This year’s HIStory series, Trapped, is sexy and sweet and fun as a romance but struggles as an action drama.
It’s that time of year when we finally get our first fix of this year’s HIStory series. We get three stories this year (hopefully) and the first one is called Trap or Trapped (depending on the translation). But where the trap is and who has fallen into it remains to be seen.
The trap is set
Meng Shao Fei is a cop who has spent the last four years chasing gangster Tang Yi. Tang Yi is trying to go straight to fulfil his late mentor/ father figure’s wishes. While he seems to be in charge of his organisation, there are rumours not everybody is happy. Meng Shao Fei doesn’t seem that interested in Tang Yi’s criminal activities, he mostly wants to know what happened during an incident four years previously when his Sunbae was killed.
After playing a cat and mouse game for four years, Meng Shao Fei and Tang Yi are probably too aware of each other for their own good. So when fate throws them together a few times, sparks fly.
As you can see, this is a pretty good scenario for a Taiwanese BL. There’s a lot going on here. Meng Shao Fei’s dogged – almost obsessive – pursuit of Tang Yi translates pretty well as an analogy for a romantic pursuit. Whether Shao Fei wants justice, the truth, or Tang Yi’s hot bod is something even he seems confused about from early on.
Trap of your own making
It shows a laudable kind of emotional honesty that, when Shao Fei finally realises his feelings, he pursues them with the same persistence with which he pursued the original case. He will get his man, it seems, even if he’s been in denial as to what he wants him for. After all, he’s a cop and Tang Yi is a gangster.
So, on the surface, this is everything we like about the HIStory series. Apart from the hot guys falling for each other and the ample skinship, it’s refreshing that the main conflict is rarely homophobia. Shao Fei isn’t conflicted because Tang Yi is a man: he’s conflicted because Tang Yi is on the wrong side of the law.
The only problem is…
Shao Fei? Not that conflicted. And this is where Trap starts to have problems.
BL generally and HIStory specifically is often about crossing boundaries (pun intended). But if you want to move away from the idea that homosexuality is boundary crossing in and of itself then you need to push those boundaries with other scenarios. HIStory 2 did this quite well in Right or Wrong where it portrayed a relationship with an extraordinary power imbalance: an older teacher and a much younger student who he’d employed as his Nanny. I don’t even know where to start with everything that was wrong with that relationship and yet it worked. So, the show asked, is it Right or Wrong?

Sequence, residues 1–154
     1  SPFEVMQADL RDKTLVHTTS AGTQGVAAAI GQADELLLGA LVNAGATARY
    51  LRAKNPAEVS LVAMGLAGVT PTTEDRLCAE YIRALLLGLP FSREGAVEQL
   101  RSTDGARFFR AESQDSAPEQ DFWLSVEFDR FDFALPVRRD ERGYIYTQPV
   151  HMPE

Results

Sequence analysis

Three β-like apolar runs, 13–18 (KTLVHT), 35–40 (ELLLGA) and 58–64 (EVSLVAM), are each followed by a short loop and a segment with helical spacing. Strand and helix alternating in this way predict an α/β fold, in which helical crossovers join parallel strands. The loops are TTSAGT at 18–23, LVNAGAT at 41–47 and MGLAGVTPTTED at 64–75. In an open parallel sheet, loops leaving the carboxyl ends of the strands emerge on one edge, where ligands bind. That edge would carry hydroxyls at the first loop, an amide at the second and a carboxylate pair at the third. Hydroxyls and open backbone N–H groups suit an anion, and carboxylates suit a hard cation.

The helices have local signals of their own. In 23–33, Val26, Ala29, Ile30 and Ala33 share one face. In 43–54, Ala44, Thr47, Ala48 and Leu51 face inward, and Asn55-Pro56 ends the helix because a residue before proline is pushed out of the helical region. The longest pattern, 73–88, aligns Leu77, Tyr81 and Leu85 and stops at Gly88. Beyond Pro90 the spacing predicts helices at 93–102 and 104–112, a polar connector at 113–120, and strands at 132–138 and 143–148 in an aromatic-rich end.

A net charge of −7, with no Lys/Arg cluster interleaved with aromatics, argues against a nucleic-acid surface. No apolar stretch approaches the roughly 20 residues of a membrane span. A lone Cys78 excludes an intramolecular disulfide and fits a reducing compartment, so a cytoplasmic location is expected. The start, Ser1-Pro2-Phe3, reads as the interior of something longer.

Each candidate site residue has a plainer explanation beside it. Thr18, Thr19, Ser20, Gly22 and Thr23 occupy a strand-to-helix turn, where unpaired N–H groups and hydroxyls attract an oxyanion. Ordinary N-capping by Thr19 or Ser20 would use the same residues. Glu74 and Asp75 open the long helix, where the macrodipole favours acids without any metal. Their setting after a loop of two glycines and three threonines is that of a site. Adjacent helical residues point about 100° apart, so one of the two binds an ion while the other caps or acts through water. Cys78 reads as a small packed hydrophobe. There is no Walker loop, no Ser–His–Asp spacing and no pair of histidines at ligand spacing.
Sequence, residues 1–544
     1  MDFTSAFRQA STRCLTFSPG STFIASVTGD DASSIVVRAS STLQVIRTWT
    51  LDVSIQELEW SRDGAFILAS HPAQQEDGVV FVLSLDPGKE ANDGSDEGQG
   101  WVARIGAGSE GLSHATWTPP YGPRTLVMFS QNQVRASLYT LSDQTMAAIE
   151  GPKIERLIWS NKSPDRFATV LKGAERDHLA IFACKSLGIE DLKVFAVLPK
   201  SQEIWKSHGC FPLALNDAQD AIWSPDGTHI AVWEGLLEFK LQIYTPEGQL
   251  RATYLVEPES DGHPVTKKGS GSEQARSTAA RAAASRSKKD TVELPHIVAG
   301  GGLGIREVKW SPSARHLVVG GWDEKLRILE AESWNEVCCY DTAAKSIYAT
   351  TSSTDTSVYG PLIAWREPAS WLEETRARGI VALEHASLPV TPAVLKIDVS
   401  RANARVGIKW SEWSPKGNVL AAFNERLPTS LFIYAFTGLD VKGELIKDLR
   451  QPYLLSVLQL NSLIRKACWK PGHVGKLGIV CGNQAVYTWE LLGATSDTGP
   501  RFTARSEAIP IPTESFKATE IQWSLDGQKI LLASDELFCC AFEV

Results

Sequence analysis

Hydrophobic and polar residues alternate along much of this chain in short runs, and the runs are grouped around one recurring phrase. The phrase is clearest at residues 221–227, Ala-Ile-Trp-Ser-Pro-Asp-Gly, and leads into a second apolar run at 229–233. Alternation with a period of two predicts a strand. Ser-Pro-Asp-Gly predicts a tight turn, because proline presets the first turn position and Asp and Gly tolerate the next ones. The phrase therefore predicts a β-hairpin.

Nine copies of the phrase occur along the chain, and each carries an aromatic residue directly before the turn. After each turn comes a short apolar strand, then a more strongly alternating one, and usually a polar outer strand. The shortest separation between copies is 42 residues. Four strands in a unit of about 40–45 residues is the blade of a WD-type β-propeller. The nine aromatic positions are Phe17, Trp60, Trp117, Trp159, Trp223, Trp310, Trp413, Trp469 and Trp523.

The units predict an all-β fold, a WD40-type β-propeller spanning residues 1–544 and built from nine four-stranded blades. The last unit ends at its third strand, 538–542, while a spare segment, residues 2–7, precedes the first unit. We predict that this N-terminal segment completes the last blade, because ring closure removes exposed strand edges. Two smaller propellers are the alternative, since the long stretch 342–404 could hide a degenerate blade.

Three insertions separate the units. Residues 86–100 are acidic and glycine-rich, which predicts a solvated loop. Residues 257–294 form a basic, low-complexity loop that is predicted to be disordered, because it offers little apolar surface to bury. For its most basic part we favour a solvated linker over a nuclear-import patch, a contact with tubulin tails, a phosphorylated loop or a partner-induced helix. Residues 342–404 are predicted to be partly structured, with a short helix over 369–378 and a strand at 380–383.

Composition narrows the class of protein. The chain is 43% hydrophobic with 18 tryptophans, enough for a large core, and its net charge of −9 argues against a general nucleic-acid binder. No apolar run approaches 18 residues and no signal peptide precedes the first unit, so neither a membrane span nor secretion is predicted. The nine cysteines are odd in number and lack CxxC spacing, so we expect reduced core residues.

What the writers seem to have missed with Trapped is that being a cop or a criminal isn’t a boundary in the same way as the others are. Shao Fei is in a unit that investigates organised crime. His relationship with Tang Yi jeopardises those cases. This is not just a case of “Love is Love” and having the courage to pursue a relationship despite different social status or class. This is about whether Shao Fei is even capable of doing his job anymore.
At episode 12, there are eight more episodes of this story to go. So it may be that this is something the show is preparing to explore in more depth. But, honestly, I could have used a bit more time on Shao Fei grappling with the ethical conundrum he was presented with.
The relationship (as it is at the moment) represents a genuine violation of professional ethics and thus any criticism of that would be entirely legitimate. Basically, the show is acting as though there is a binary ethical decision here between ‘tolerance’ and ‘intolerance’ when there are issues at play that have nothing to do with acceptance. Especially when Tang Yi is suspected of murder (a murder that Shao Fei seems to accept as fact and that frankly should have bothered him more).
Jake Hsu is absolutely adorable as Meng Shao Fei; a playful, elfin man just as comfortable wearing pink couple shirts as he is fighting bad guys. But that doesn’t mean he’s not frequently ridiculous and rather unconvincing as a cop – all entirely due to the script and direction rather than his acting, which is very good.
The second romance here has the same issue with the cop being an oblivious adorable grandmother-loving marshmallow, to the point where you’re wondering how the hell he functions on a daily basis, let alone in an organised crime unit.
Not to say the romance in this show isn’t everything it should be. The romance storyline is sexy and sweet, something the HIStory series is exceptionally good at. It’s just the crime aspect of the show that is not entirely working. This is a similar issue for the rest of the series: as dramas they’re pretty underwhelming, as queer stories they’re excellent. In fact, they’re by far the best being made today. It’s why I wish they’d stuck to their strengths rather than trying to take on a crime story underneath it.
Overall, this year’s first HIStory series is as fun and hot as last year’s offerings and is definitely well worth watching. But it’s probably best to approach this as if it’s a campy romcom rather than a crime or action thriller.
Enjoy the sexy fun for what it is.
8/10 … for now.
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